Tip Eight: Play the Music You Hate
This is the eighth installment in our series of articles on hidden or obscure strategies for improving musicianship. These strategies are not intended to be a substitute for (I dislike this word) "practicing." To the contrary. Spending time playing your instrument is mightily important.
But think of these 22 ideas as strategies you can use in addition to your time in the woodshed. How does one find a label for these strategies? Subconscious? Metaphysical? Whatever word you want to use, go ahead. It's just that these ideas are not often presented to you as part of a musical instrument learning regimen.
When put into the context of Tip Seven (Play the Music You Love), Tip Eight might seem contradictory. But it makes sense. Here's why.
Let me give you a personal example. I started learning the piano (for the second time) when I was about 23. Unlike when I started the first time at age six, I knew exactly what I wanted to accomplish. A large part of what I wanted to learn was blues and boogie woogie.
Later I took a liking to some other styles, so I guess I was somewhat open minded.
But there was one thing I wasn't so open minded about. And that was the key. And you get three guess as to which key I favored. Of course, the key of C.
Now my teacher was OK with that. My teacher wasn't exactly a music teacher and had no training in pedagogy. I just showed up every week, told him what I wanted to learn, and he showed me. If he had any ideas as to what he thought I SHOULD be learning, he kept them to himself.
So I pretty much stayed in the key of C with my blues and my boogie and my country and my swing and my improvising. And I got pretty good at it after a year or so.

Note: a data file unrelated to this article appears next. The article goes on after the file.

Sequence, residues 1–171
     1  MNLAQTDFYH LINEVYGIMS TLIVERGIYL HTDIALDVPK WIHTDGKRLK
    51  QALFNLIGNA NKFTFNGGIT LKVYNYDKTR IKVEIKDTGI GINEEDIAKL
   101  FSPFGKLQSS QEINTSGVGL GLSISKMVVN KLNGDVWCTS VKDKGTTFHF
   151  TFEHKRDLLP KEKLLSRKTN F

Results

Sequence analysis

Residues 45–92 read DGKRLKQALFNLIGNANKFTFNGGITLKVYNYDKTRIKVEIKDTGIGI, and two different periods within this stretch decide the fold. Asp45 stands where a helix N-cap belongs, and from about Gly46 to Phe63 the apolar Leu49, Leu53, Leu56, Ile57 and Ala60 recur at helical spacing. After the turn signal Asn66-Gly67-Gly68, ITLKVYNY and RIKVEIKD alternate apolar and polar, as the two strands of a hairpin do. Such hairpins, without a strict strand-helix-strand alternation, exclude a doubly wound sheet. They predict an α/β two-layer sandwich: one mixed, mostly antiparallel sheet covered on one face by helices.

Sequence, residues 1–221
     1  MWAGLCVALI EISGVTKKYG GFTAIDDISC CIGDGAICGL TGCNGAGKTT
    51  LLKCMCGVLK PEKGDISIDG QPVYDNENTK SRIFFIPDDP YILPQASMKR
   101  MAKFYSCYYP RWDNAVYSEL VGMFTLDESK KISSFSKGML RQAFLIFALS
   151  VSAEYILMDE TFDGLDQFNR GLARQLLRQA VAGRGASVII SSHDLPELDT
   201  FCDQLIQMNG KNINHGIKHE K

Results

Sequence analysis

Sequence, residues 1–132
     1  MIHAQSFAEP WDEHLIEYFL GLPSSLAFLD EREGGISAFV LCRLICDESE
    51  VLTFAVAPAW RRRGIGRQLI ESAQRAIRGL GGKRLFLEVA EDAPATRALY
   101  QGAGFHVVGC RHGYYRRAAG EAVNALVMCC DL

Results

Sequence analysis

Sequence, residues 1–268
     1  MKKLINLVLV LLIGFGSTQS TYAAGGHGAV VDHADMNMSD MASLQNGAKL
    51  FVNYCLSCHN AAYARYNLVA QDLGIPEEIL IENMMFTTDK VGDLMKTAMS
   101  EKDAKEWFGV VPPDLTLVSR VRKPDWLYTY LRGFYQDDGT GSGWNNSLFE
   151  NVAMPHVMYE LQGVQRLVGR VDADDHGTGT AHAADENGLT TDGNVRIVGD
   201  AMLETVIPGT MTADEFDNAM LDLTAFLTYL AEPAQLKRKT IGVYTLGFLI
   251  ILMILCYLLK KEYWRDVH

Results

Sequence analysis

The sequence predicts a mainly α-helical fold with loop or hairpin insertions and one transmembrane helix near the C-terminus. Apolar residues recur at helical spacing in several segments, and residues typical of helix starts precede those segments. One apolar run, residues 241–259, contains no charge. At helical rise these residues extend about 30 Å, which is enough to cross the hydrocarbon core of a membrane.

As long as I played in the key of C.
Eventually I got good enough to play in a band. And guess what? Did the guitar player play everything in the key of C? No way. All of a sudden I had to learn to play in a vast assortment of keys. Strange, exotic keys. Guitar keys, like E major and A major. And I was required to modulate (change keys in the middle of a song) sometimes.
In a way it was like starting all over.
But of course mastering all keys is something every musician has to do. I hated it at first, but avoiding it was no longer an option. So I made the adjustment (somewhat at the expense of my audience).
I had the same sort of experience with some specific songs. Being someone with more than his share of opinions, there were some songs I truly detested (don't ask me to name names here please). But a lot of these same songs were big favorites of my audience. Again, as a working musician in a band, I no longer had the option not to play them.
Here's the fun part. I discovered a lot of the songs I didn't care for were musically similar. I never really noticed that until I was forced to play them. And then I had the "aha" moments.
"Aha Moment No. 1" was that the songs I didn't like often shared the same attributes.
"Aha Moment No. 2" was that by avoiding these songs, I was not exposing myself to certain specific musical experiences (such as certain particular chord changes).
"Aha Moment No. 3" was that by playing these songs I had heretofore avoided, I was learning and growing musically.
I still might not care for these songs to this day. But now I know what's in them, and I play better overall from the experience.
So the lesson? Hard keys can be your friend (although I still avoid F sharp like the plague). Crappy songs (subjective opinion) can take you on musical voyages you would never find on your own. And music can have a lot of surprises that you can learn to like.